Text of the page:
“As an e-retailer, we understand the role product reviews and testimonials play in the customer buying process, which is why we work to ensure the customer product reviews featured on our site are authentic, verified and compliant with our internal protocols,” a spokesperson for Shein said in a statement.

undefined headshotLouise's view

Many of China’s domestic tech giants have tried to expand abroad, but so far, Shein and TikTok are the only ones that have built large audiences in the U.S. Alibaba, for example, still generates just a small fraction of its revenue from foreign e-commerce, over ten years after it launched the international shopping site AliExpress.

Pinduoduo could wind up being the third Chinese tech giant to go big in America, but not if it doesn't start using more sophisticated strategies to market Temu. Like Shein, it’s relying on partnerships with TikTok influencers to expand its user base, who show off products from the app in short videos.

But its most successful growth tactic appears to be paying people small sums of cash when they convince their friends and family to download the Temu app, according to social media posts reviewed by Semafor. It’s not clear whether those new users will actually stick around, let alone choose to place orders.

Title iconRoom for Disagreement

Juozas Kaziukėnas, founder of the e-commerce-intelligence firm Marketplace Pulse, argued it won’t be easy for Temu or other Chinese platforms to lure a large cohort of sellers away from Amazon, even if they’re offering a better deal. Amazon’s marketplace is simply too dominant, particularly in the U.S.

“When a seller makes the decision about where to sell or where not to sell, a lot of that is based on how big the opportunity is,” Kaziukėnas explained.

He also noted that as they grow more popular, shopping sites like Shein and Temu may end up facing difficult questions from U.S. lawmakers about their Chinese ownership, a problem that TikTok has been grappling with for years.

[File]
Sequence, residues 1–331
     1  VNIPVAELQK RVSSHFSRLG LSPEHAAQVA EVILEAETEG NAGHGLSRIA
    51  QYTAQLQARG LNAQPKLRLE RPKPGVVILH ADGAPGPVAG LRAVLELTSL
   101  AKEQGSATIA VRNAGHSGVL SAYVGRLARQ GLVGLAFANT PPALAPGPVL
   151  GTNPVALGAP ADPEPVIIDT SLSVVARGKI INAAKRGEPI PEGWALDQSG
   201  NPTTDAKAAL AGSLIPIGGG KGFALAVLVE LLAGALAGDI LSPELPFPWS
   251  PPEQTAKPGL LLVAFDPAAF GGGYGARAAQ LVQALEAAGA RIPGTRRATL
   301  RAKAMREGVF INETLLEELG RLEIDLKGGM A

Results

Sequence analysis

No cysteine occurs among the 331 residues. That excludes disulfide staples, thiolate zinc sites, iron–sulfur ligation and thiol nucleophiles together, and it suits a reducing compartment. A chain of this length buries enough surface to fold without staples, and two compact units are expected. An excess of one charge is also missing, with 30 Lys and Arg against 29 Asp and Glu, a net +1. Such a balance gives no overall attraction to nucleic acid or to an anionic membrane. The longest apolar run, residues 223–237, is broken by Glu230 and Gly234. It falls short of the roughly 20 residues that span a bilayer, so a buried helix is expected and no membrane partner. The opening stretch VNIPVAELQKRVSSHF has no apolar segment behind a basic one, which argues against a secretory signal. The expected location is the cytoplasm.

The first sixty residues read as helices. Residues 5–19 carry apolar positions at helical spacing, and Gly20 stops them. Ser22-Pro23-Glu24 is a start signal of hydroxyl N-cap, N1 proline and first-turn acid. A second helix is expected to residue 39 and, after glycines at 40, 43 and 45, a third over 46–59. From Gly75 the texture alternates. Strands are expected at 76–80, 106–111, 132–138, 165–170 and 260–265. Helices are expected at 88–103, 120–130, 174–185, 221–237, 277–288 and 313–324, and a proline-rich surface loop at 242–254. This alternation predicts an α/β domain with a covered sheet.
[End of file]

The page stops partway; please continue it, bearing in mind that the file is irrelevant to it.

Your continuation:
Title iconThe View From Mexico

Shein and Temu are undoubtedly facing an uphill battle against Amazon in the U.S. But in other countries where the e-commerce market has yet to be cornered by a single player, there may be more opportunities for them to grow quickly. In Mexico, Shein has become a sensation, to the point where entrepreneurs in some cities have begun opening unauthorized Shein boutiques. The company’s official Mexican Instagram account has over 4.3 million followers, more than twice that of its U.S. account.

But Shein’s rise in Mexico shouldn’t be seen as a positive development, said Paola Quintero, an independent fashion designer based in Mexico City. She and others in the country’s fashion sector have spent years trying to promote local artists and brands, Quintero explained, and were delighted when they began receiving more attention internationally in recent years.

“With the arrival of Shein, we’ve seen a retreat back to consuming fast-fashion,” said Quintero. “The cheapest fast-fashion that’s ever been available here in Mexico.”

Title iconNotable
  • Pinduoduo’s user base in China skews toward older people living outside major cities. One such customer posed for a New York Times photographer in 2018 surrounded by items he bought on the e-commerce site, ranging from an inflatable paddle boat to a motorized toy car for his daughter.
  • Expanding Temu is an important priority internally at Pinduoduo, the Chinese business and tech news site LatePost reported. Sources told the publication that it chose the U.S. as Temu’s first overseas market because of its high consumption rate.
  • Temu’s offerings are similar to the products sold in dollar stores, which have become widely popular across the U.S. 75% of the population lives within 5 miles of a Dollar General location, according to Consumer Reports.
AD